• The dire pronouncements. Numerous groups, from the U.N. to the World Wildlife Fund to the environmental group Greenpeace, have weighed in on the extent of fish depletion.
  • High tech. We'll discuss today's predatory implements of the seas: driftnetting, dredging, trawling, and longlining, as well as the military technologies that support them: radar, satellite positioning, and sonar.
  • Fisher desperation. What fishers are turning to as fish become depleted: deep-sea fish, species lower down on the food web, and illegal catches.
  • Bycatch. To what extent do catches consist of unintended species?
  • The vegetarian answer versus conventional "solutions." Fisheries management, aquaculture, and marine sanctuaries are discussed.
  • Coral reef fishing. Small operations, too, can have a very big impact.
  • Fish stories. Blue fin tunas, swordfish, orange roughy, and sea cucumbers.
  • Nutritional substitutes. Omega-3 fatty acids in fish are easily obtained from vegetarian sources.

Who is Pamela Rice?

Pamela Rice is the author of the popular 16-page pamphlet "101 Reasons Why I'm a Vegetarian," which boasts some 180,000 copies in circulation, 10 printings, and 6 updated editions. Many have dubbed this veggie manifesto "the mighty convincer." A good read-through and you'll find yourself at least considering reducing the amount of meat in your diet.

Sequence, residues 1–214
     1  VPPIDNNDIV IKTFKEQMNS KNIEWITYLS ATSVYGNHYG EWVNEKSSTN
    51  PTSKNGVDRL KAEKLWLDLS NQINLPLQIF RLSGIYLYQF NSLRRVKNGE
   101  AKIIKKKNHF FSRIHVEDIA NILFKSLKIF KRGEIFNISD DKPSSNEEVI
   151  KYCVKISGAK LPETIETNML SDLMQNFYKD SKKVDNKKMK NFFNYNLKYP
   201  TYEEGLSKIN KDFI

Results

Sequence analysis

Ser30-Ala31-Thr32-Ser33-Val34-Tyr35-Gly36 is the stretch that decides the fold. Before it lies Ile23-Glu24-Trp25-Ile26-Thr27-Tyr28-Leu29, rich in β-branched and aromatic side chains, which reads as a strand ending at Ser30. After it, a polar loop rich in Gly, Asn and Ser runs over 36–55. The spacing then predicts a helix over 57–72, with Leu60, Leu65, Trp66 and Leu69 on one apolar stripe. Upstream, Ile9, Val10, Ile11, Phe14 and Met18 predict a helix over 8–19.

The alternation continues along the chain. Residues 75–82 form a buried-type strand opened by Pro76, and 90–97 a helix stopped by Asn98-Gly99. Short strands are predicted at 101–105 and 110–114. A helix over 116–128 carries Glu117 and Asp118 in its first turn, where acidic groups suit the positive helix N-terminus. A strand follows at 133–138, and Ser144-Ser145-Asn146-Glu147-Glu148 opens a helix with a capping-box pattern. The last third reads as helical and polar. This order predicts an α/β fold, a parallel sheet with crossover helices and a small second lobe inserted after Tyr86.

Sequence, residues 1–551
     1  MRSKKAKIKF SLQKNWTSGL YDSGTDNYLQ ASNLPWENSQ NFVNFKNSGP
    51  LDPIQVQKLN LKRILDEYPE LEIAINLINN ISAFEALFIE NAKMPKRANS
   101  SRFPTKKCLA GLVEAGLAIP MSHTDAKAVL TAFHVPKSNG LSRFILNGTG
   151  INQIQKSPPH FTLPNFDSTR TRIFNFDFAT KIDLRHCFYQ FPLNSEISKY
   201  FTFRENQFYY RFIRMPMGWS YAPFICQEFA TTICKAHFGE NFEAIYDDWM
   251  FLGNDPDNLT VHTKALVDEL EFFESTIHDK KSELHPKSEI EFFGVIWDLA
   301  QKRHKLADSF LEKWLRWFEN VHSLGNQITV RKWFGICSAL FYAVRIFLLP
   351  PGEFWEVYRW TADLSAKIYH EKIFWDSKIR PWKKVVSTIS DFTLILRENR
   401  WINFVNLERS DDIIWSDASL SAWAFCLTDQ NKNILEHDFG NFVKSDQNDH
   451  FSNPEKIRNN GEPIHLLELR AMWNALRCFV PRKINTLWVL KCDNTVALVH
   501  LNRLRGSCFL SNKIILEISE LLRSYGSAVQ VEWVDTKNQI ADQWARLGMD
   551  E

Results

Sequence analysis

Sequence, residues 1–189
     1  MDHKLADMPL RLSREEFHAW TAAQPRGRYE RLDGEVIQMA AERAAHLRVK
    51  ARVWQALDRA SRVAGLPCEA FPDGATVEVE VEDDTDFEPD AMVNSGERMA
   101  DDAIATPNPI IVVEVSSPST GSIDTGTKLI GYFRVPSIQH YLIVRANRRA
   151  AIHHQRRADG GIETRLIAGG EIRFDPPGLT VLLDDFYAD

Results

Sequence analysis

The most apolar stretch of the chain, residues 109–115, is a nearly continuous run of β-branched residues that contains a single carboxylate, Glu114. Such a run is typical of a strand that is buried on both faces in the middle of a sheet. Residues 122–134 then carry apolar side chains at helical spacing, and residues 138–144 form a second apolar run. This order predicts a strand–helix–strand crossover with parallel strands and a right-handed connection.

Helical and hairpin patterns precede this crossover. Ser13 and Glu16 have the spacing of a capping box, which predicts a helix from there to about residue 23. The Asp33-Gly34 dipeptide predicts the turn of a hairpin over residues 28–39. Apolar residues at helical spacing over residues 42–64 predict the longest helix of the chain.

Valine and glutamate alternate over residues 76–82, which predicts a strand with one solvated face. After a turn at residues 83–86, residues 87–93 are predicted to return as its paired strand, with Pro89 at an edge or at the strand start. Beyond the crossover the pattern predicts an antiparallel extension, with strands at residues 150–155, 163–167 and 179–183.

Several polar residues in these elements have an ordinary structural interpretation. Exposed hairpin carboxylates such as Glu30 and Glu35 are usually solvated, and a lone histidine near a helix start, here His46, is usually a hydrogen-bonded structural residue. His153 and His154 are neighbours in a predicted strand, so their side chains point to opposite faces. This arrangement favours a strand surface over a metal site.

Ms. Rice is the author of an expanded book-length version of her "101 Reasons". The book bears the same name


Ms. Rice has dedicated her life to ferreting out every argument under the sun that lends credence to the personal choice of vegetarianism -- the environmental argument, the health argument, and the ethical argument.

Ms. Rice is currently the director of the Vegetarian Center of New York City -- a referral center, a reading room, a research library, and a cultural hub for vegetarians to meet and form groups.

She is the publisher of the incisive magazine The VivaVine: The Vegetarian-Issues Magazine.

She is also known to engage the public through "vegetarian street outreach," distributing pro-vegetarian literature, including her "101 Reasons," using eye-catching costumes and arresting images.

Who should hear Ms. Rice?

  • Environmental groups. E: The Environmental Magazine, in its January 2002 issue, asked readers on its front cover: "So you're an environmentalist.... Why are you still eating meat?" Ms. Rice continues this discussion.
  • Political clubs. Any group interested in public policy should find the information in Ms. Rice's talks compelling.
  • Groups interested in fiscal responsibility. Subsidies to the meat industry are some of the most egregious and fiscally counter-productive.
  • Churches, synagogues, and mosques. The ethical components and moral imperatives of vegetarianism make religious communities perfect settings for discussions on the merits of the vegetarian lifestyle.
  • Salons, social clubs, cultural associations, academic societies, and neighborhood groups. Everyone eats, and now it seems everyone has a friend, family member, or colleague who is a vegetarian. We need more understanding of this increasingly common subgroup.
  • Book discussion clubs. Instead of a book, have members read "101 Reasons Why I'm a Vegetarian." Then have the author come to sort out the questions.
  • Trade groups and unions. The talks may not put more bread on your plate, but taking the chicken out of your pot may start to look more appealing.


Pamela Rice
VivaVegie Society